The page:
The issue here is whether or not the appellant may properly sue the government under the facts of the case.

In the case of Ministerio vs. Court of First Instance of Cebu,1 involving a claim for payment of the value of a portion of land used for the widening of the Gorordo Avenue in Cebu City, this Court, through Mr. Justice Enrique M. Fernando, held that where the government takes away property from a private landowner for public use without going through the legal process of expropriation or negotiated sale, the aggrieved party may properly maintain a suit against the government without thereby violating the doctrine of governmental immunity from suit without its consent. We there said: .

... . If the constitutional mandate that the owner be compensated for property taken for public use were to be respected, as it should, then a suit of this character should not be summarily dismissed. The doctrine of governmental immunity from suit cannot serve as an instrument for perpetrating an injustice on a citizen. Had the government followed the procedure indicated by the governing law at the time, a complaint would have been filed by it, and only upon payment of the compensation fixed by the judgment, or after tender to the party entitled to such payment of the amount fixed, may it "have the right to enter in and upon the land so condemned, to appropriate the same to the public use defined in the judgment." If there were an observance of procedural regularity, petitioners would not be in the sad plaint they are now. It is unthinkable then that precisely because there was a failure to abide by what the law requires, the government would stand to benefit. It is just as important, if not more so, that there be fidelity to legal norms on the part of officialdom if the rule of law were to be maintained. It is not too much to say that when the government takes any property for public use, which is conditioned upon the payment of just compensation, to be judicially ascertained, it makes manifest that it submits to the jurisdiction of a court. There is no thought then that the doctrine of immunity from suit could still be appropriately invoked.

Considering that no annotation in favor of the government appears at the back of her certificate of title and that she has not executed any deed of conveyance of any portion of her lot to the government, the appellant remains the owner of the whole lot. As registered owner, she could bring an action to recover possession of the portion of land in question at anytime because possession is one of the attributes of ownership. However, since restoration of possession of said portion by the government is neither convenient nor feasible at this time because it is now and has been used for road purposes, the only relief available is for the government to make due compensation which it could and should have done years ago. To determine the due compensation for the land, the basis should be the price or value thereof at the time of the taking.2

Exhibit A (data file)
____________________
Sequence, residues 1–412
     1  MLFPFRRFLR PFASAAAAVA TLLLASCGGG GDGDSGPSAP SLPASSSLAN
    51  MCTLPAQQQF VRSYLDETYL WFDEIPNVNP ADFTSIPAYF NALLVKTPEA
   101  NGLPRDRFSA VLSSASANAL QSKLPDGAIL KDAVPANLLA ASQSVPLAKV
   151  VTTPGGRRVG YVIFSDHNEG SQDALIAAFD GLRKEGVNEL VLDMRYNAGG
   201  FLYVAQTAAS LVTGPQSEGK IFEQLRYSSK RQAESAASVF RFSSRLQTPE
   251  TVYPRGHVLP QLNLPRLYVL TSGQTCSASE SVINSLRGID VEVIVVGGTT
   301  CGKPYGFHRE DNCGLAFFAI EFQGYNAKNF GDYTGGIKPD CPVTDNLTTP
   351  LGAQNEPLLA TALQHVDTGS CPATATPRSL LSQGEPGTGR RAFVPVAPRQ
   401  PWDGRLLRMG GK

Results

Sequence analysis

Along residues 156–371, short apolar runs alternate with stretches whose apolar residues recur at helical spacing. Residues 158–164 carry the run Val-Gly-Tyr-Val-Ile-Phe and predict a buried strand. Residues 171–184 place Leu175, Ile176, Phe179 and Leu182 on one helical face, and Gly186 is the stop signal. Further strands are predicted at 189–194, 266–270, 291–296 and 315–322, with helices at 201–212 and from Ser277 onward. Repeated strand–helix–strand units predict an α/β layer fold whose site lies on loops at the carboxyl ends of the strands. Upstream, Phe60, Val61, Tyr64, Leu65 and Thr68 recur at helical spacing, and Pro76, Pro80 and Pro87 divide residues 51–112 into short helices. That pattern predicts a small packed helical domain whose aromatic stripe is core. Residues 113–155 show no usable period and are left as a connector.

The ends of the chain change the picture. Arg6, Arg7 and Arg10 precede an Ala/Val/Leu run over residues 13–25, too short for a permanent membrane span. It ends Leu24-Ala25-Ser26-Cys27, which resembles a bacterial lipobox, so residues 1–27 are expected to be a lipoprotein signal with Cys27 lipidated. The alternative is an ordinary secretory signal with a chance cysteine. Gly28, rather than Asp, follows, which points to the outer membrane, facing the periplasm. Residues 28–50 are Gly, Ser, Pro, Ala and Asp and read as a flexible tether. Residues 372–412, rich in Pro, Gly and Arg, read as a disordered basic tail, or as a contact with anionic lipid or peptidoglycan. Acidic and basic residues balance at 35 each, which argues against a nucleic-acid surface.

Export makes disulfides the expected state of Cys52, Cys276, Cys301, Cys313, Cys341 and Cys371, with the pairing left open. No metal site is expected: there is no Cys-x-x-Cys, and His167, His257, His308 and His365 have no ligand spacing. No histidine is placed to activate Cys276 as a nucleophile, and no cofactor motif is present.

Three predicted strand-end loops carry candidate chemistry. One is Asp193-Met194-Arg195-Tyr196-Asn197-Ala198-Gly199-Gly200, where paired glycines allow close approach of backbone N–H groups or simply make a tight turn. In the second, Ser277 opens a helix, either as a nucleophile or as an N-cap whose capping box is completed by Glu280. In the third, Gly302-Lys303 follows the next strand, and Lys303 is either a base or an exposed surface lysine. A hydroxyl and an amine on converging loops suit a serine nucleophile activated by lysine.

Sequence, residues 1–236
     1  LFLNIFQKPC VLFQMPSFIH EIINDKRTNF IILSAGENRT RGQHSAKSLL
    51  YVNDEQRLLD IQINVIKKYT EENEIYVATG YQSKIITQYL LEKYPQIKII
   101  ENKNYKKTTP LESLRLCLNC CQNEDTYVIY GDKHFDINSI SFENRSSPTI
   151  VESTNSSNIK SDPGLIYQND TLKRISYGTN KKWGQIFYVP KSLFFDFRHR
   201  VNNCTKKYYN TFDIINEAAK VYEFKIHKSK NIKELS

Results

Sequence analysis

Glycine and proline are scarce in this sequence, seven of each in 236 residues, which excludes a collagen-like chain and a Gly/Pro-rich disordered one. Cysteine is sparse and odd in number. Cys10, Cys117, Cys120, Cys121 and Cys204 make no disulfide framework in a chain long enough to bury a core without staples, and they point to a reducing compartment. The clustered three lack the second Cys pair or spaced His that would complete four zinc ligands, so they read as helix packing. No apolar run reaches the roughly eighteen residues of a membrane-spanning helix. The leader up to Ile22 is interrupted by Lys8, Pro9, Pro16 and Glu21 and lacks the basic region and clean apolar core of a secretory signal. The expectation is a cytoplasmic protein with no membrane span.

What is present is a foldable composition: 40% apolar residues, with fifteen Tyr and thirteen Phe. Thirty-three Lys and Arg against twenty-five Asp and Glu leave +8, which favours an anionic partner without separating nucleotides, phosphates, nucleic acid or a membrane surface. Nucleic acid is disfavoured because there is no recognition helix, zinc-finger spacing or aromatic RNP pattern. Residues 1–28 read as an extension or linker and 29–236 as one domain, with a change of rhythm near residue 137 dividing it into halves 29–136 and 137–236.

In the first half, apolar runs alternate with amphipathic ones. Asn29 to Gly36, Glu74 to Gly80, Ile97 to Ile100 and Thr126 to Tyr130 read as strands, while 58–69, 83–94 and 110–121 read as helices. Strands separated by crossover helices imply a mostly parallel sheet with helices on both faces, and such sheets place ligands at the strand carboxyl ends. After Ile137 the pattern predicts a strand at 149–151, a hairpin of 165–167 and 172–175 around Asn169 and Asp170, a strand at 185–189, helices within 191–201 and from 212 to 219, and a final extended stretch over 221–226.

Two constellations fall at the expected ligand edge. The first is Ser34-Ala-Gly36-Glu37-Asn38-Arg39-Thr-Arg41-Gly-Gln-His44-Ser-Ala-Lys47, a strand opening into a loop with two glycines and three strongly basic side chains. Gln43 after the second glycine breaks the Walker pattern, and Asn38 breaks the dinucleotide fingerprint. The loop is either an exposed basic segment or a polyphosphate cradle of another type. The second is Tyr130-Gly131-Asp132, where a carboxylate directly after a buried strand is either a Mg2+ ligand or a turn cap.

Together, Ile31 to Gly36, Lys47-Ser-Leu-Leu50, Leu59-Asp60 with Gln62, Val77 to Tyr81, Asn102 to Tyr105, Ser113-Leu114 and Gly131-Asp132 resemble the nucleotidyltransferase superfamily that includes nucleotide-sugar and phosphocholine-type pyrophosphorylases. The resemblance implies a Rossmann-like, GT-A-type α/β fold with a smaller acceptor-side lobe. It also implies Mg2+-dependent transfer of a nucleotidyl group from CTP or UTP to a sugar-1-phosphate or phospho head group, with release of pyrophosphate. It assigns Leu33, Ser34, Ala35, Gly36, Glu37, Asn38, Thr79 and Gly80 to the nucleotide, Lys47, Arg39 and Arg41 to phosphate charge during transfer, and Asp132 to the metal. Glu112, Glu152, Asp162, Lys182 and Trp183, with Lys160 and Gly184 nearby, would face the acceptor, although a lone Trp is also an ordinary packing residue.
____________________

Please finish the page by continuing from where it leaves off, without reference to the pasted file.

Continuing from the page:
As regards the claim for damages, the plaintiff is entitled thereto in the form of legal interest on the price of the land from the time it was taken up to the time that payment is made by the government.3 In addition, the government should pay for attorney's fees, the amount of which should be fixed by the trial court after hearing.

WHEREFORE, the decision appealed from is hereby set aside and the case remanded to the court a quo for the determination of compensation, including attorney's fees, to which the appellant is entitled as above indicated. No pronouncement as to costs.

Concepcion, C.J., Reyes, J.B.L., Zaldivar, Castro, Fernando, Teehankee, Barredo, Villamor and Makasiar JJ., concur.



* Decision, Record on Appeal, p. 12.

1 G.R. No. L-31635, August 31, 1971 (40 SCRA 464).

2 Alfonso vs. City of Pasay (106 Phil. 1017).

3 Alfonso vs. City of Pasay, supra.

The Lawphil Project - Arellano Law Foundation